I felt only marginally better today, but got up and started searching through the yellow pages for a 17″ tire. I finally found a place about twelve miles away in Sidney, OH. By 11 pm, I had my tire on, and by noon we were on the road home, only to find it snowing.
So that’s how my weekend went. We got home safe, which is always a bonus, but it was pretty trying. So I hope you can all be patient with me as I get back up to speed.
Kirk Gibson may not get into the Hall of Fame, but he definitely had some Hall of Fame moments. His monster three run shot in Game 5 of the 1984 World Series, and an equally impressive Game 1 walk off homer in the 1988 World Series are my two most memorable moments in all of baseball.
1984 was Gibby’s breakout season, and he was extremely consistent for the next five years. He hit between 24 and 29 homers in each of those five seasons, and he stole between 26 and 34 bases. He was plagued by injuries most of his career, and was only able to play in 140 games in three or more seasons.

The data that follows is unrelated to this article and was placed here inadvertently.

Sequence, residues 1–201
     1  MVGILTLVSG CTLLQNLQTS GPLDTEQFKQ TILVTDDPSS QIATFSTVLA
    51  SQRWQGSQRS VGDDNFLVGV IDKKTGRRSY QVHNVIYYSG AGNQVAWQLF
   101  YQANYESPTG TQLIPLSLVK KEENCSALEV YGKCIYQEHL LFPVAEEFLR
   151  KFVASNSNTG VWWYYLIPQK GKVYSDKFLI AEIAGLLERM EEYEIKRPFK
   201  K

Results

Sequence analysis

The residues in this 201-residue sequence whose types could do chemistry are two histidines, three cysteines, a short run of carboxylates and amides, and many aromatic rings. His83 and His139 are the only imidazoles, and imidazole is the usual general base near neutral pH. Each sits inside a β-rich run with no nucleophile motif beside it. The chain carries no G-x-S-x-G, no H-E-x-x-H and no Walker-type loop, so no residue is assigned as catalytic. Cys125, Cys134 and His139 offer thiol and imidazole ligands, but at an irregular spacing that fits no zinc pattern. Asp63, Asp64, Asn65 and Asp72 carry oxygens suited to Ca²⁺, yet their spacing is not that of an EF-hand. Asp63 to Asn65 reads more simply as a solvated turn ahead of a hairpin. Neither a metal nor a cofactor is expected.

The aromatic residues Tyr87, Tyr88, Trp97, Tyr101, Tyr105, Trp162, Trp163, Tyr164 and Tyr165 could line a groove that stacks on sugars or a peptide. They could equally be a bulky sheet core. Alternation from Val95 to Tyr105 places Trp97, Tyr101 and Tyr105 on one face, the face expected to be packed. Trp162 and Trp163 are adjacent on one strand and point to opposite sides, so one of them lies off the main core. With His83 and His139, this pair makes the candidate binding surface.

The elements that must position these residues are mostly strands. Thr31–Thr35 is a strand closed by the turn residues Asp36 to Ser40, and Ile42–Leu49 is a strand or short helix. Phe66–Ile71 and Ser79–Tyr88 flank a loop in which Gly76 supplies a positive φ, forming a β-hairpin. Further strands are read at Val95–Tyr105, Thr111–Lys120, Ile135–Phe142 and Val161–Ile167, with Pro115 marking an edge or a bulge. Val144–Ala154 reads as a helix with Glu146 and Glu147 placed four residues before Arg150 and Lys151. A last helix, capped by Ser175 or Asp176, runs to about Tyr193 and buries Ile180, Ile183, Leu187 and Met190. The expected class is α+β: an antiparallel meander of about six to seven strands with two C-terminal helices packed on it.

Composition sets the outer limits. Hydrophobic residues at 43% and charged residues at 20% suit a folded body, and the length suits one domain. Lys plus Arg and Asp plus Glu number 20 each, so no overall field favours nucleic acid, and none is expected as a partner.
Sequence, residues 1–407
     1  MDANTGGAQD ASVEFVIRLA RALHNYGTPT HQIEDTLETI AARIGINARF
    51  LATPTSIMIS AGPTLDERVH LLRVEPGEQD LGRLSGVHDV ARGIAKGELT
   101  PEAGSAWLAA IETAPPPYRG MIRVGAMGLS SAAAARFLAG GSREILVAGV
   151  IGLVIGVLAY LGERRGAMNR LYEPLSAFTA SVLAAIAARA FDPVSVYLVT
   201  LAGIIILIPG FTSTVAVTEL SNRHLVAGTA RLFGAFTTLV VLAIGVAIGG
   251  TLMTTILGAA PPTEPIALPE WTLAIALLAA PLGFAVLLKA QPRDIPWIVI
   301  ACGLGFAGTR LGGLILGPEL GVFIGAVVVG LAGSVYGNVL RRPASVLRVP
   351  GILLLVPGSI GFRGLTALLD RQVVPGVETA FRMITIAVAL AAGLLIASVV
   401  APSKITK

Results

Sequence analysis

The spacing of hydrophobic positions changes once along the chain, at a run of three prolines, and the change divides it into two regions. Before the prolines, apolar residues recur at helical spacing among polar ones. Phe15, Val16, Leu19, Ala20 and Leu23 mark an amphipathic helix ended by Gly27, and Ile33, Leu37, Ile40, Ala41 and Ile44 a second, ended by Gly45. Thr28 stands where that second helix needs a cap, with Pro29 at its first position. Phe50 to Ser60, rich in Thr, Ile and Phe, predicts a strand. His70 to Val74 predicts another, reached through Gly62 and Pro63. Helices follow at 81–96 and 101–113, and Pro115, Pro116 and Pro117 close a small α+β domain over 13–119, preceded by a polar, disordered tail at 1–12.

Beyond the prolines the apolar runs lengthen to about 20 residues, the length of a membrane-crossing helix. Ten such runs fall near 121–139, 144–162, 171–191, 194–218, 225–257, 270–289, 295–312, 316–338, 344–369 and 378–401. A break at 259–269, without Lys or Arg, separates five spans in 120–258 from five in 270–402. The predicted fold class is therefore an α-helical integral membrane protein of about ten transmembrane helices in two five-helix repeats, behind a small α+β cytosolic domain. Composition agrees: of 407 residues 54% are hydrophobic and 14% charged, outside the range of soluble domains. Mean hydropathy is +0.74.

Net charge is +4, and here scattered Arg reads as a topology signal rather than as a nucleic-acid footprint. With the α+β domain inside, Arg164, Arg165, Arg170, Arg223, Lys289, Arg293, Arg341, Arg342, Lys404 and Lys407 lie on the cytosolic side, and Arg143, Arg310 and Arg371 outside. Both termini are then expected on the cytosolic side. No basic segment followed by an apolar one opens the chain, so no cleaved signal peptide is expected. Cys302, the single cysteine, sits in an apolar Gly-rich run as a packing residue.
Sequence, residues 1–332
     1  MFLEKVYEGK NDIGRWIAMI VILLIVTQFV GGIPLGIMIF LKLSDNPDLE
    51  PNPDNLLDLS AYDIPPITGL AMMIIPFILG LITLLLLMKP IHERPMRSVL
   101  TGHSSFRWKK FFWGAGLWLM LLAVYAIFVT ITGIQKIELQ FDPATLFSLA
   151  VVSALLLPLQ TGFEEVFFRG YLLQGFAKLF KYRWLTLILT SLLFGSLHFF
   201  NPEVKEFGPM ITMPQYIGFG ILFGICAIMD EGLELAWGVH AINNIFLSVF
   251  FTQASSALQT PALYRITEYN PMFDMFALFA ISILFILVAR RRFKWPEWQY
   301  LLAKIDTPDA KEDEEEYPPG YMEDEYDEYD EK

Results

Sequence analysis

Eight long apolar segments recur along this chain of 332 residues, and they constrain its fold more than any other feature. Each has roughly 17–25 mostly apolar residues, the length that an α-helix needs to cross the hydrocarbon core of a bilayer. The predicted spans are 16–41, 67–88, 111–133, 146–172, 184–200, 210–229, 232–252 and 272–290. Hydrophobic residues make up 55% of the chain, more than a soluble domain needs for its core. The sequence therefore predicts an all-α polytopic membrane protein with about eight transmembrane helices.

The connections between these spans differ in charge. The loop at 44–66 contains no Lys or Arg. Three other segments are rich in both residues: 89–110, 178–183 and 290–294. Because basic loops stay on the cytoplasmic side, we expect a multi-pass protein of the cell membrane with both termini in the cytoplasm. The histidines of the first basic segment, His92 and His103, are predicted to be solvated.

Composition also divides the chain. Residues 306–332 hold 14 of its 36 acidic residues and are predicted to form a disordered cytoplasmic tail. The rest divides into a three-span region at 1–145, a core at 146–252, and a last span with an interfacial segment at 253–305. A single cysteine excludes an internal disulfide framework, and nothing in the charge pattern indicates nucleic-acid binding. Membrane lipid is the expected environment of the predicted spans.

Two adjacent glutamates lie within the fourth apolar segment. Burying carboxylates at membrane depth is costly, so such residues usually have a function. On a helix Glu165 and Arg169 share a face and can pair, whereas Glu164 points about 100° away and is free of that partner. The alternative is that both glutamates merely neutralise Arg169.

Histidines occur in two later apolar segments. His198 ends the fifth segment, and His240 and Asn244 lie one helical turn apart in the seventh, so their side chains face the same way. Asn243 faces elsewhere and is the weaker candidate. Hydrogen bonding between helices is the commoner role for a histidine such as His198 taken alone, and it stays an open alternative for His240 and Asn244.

Let’s take a look at his numbers.
Runs Created 98
Batting Runs Above Replacement 52
Fielding Runs Above Replacement -1
Equivalent Average .305
Wins Above Replacement Player 5.6
Gibson was never known for his fielding, but he could hit. Ken Griffey had a nice season, but Gibby had a great one. Blade says this one was close, and it might have been if we were comparing Gibson to the 1976 Griffey, but we’re not.
Scorecare – 1975 Reds 5, 1984 Tigers 3
While the winter meetings were exciting for some teams, they were downright boring for the Tigers. Carl Pavano is going to the Yankees, and Troy Glauss went to Arizona, so two of the Tigers top targets are out play.
Ken Rosenthal, in a recent column, projected that the Tigers would land……Adrian Beltre. This is a guy with six full seasons of major league experience, and he’ll only be 26 come April. Even his 2002 and 2003 seasons, where he struggled, were better then what we had at third base in either of those seasons. I say get it done.